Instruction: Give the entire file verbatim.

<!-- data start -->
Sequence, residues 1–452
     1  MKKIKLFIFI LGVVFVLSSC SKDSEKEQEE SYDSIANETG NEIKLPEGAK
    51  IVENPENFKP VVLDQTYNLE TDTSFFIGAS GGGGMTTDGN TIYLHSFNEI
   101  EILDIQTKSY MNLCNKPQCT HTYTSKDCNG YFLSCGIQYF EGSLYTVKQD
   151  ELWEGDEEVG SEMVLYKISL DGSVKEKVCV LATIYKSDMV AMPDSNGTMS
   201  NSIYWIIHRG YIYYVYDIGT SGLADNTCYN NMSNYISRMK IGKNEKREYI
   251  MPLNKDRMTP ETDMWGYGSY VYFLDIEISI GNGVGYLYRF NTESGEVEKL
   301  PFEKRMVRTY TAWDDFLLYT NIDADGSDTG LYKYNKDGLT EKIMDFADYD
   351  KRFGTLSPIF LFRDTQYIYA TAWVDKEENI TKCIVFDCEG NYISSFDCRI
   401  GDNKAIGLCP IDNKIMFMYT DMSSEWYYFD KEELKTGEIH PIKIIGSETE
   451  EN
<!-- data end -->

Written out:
Sequence, residues 1–452
     1  MKKIKLFIFI LGVVFVLSSC SKDSEKEQEE SYDSIANETG NEIKLPEGAK
    51  IVENPENFKP VVLDQTYNLE TDTSFFIGAS GGGGMTTDGN TIYLHSFNEI
   101  EILDIQTKSY MNLCNKPQCT HTYTSKDCNG YFLSCGIQYF EGSLYTVKQD
   151  ELWEGDEEVG SEMVLYKISL DGSVKEKVCV LATIYKSDMV AMPDSNGTMS
   201  NSIYWIIHRG YIYYVYDIGT SGLADNTCYN NMSNYISRMK IGKNEKREYI
   251  MPLNKDRMTP ETDMWGYGSY VYFLDIEISI GNGVGYLYRF NTESGEVEKL
   301  PFEKRMVRTY TAWDDFLLYT NIDADGSDTG LYKYNKDGLT EKIMDFADYD
   351  KRFGTLSPIF LFRDTQYIYA TAWVDKEENI TKCIVFDCEG NYISSFDCRI
   401  GDNKAIGLCP IDNKIMFMYT DMSSEWYYFD KEELKTGEIH PIKIIGSETE
   451  EN